Why is it every time I call a bike shop to true my MUni wheel, they go, “Well, I am not sure I can do that, unless I see it.” Then they go on to say they might not be able to do it.
I had my wheel built by a bike shop and it’s been great for the past three years, but now, it finally needs to be tensioned and trued a bit. That LBS is pretty far away and a schlep. I am just looking for something local.
How hard is it to do this with the equipment every LBS should have?
Problem is it won’t fit in a wheel truing jig. That isn’t a big problem but it might put them off a bit. have they ever seen it and refused? I could understand them saying they’re not sure given they won’t know what to expect, but I would expect after you take the uni in (maybe with cranks removed to make it easeier/more balanced) that they’ll realise it’s the same as any other wheel and get on with it.
Truing a wheel isn’t a job you need to pay someone to do, just follow the truing instructions on http://www.sheldonbrown.com/wheelbuild.html . It isn’t like you have to do anything complex like the back wheel of a bike.
Unicycle wheels won’t fit in some wheelbuilding jigs, but apparently will in others. However, it doesn’t really matter, cos a unicycle frame is a pretty good jig.
You are much more likely to agree to their price after going to the trouble of carting it to their shop. If they quote a price over the phone, it may be to high and you will bring it elsewhere.
The chance that they will refuse the job, at any price, when they are looking at the uni in the shop is near nill. If they are very busy, the chance they will take the job, but ask (and get) a very high price, is good.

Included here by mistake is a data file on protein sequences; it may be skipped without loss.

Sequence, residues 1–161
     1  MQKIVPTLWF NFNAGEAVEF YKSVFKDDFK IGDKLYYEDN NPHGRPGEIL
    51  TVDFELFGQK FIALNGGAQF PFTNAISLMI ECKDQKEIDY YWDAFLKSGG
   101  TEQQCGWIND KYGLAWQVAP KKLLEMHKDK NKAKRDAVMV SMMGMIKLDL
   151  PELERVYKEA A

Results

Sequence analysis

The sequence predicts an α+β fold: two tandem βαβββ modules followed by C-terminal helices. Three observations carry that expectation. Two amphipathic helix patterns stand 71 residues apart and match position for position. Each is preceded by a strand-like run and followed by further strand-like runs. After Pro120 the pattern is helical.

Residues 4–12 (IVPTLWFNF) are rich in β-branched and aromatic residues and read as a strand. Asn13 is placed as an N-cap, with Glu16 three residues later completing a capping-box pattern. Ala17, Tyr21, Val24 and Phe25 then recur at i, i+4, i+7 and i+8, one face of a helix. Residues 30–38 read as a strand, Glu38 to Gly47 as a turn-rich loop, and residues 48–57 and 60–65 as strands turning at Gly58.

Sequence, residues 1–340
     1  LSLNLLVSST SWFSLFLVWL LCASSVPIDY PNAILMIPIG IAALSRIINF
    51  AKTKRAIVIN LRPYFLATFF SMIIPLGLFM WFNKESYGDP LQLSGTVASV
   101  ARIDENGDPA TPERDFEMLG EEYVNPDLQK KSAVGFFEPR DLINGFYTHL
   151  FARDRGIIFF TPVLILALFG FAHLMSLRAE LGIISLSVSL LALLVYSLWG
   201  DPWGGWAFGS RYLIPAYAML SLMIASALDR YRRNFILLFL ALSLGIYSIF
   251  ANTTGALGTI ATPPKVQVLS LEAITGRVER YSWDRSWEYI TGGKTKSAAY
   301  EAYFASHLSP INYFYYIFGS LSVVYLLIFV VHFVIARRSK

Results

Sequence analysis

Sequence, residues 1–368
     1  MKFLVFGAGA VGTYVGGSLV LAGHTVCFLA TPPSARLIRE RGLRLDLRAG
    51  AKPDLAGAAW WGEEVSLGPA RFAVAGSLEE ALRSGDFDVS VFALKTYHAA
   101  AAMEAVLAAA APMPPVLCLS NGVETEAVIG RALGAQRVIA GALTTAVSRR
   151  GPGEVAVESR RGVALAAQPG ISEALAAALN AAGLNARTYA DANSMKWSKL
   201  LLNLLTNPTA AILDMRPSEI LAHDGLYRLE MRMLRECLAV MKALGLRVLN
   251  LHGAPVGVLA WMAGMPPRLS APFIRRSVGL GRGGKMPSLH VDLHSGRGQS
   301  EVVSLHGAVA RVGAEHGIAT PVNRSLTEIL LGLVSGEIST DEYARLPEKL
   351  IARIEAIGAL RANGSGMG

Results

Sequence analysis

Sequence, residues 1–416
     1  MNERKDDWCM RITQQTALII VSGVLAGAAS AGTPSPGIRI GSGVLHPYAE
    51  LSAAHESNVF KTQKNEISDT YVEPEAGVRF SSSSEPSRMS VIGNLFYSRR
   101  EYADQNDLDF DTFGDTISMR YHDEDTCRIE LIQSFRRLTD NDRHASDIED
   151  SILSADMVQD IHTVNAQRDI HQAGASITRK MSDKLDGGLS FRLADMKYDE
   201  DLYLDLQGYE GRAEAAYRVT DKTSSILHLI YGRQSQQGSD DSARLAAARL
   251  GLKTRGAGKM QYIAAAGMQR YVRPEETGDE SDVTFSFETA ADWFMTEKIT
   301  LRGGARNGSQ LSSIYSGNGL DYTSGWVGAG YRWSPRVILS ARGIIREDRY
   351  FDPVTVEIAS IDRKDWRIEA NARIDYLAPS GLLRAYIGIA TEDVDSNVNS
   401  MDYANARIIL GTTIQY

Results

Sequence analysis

I’m with Joe M, you can buy a universal spoke wrench for less then the gas to drive the uni to the shop. It is not difficult to do this work yourself. It’s not like it’s going to blow up or be ruined by beginners attempts. If the rim is already out of true, you can do no harm in learning on that one. Just remember that you must turn the spoke nips counter clockwise when you tighten them from the spoke side of the rim.
Let me highly recommend “Cynergy cycles” in Santa Monica. Diego is the tech who did JL’s wheel build as well as mine. He does a great, solid job and my wheel remains true after several MONTHS on the muni trails! His fees are very reasonable as well! http://www.cynergycycles.com/
… Curses I can’t find it. “Honey, WHERE IS MY SUPER SUIT!?”
Harper, you bust me up. I am cruising down through the thread, and out of nowhere comes the reference to the bathing suit thread. OMG, I lost it totally.
Steve, thanks for resurrecting the thread. Only us “oldtimers” would have understood.
Everyone’s advice was very good. Good points made by all. Terry, thanks for the recommendation for the Santa Monica bike shop. I will have to keep that for next time, though. I had to take care of this today, and it was prior to getting the later posts in this thread.
I ended up finding a bike shop, that felt comfortable with doing the work, only about 8 miles from my house. The entire experience is better for another thead. Let’s just say I am taking a chance. But, we talked it over and more than one of the mechanics was involved in the discussion.
My bike shop has a very basic wheel building setup and they still kindly true up all of my wheels (24" KH muni through a 36" nimbus) without issue. They even true the 36ers up in the frame and do a very fine job of doing so. I think it all comes down to the skill of the bike tech you speak with. We always do our business with one manager of our LBS and I would trust him more than some of the other workers at the shop to do it well.
As Joe Marshall said, it really isn’t difficult to do it yourself. All you need is a spoke key (cheap), a set of instructions that you can google (free) and a little time and patience. It is actually quite theraputic and rewarding. Just do it !
and of course if you do get it wrong, you can always use the LBS - they’re not going to charge you any more that they would’ve anyway.
I’ve only built a couple but it’s good fun - like building blocks or flat-pack furniture but easier.